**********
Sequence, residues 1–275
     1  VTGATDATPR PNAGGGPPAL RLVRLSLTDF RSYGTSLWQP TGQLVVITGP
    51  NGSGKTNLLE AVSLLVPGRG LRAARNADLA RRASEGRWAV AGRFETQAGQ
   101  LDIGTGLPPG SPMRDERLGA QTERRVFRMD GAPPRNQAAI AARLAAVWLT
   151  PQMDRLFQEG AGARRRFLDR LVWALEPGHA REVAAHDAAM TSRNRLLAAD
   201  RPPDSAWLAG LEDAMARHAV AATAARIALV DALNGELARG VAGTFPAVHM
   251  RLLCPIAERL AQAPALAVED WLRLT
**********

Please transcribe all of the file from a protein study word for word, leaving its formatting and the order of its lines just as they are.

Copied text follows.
Sequence, residues 1–275
     1  VTGATDATPR PNAGGGPPAL RLVRLSLTDF RSYGTSLWQP TGQLVVITGP
    51  NGSGKTNLLE AVSLLVPGRG LRAARNADLA RRASEGRWAV AGRFETQAGQ
   101  LDIGTGLPPG SPMRDERLGA QTERRVFRMD GAPPRNQAAI AARLAAVWLT
   151  PQMDRLFQEG AGARRRFLDR LVWALEPGHA REVAAHDAAM TSRNRLLAAD
   201  RPPDSAWLAG LEDAMARHAV AATAARIALV DALNGELARG VAGTFPAVHM
   251  RLLCPIAERL AQAPALAVED WLRLT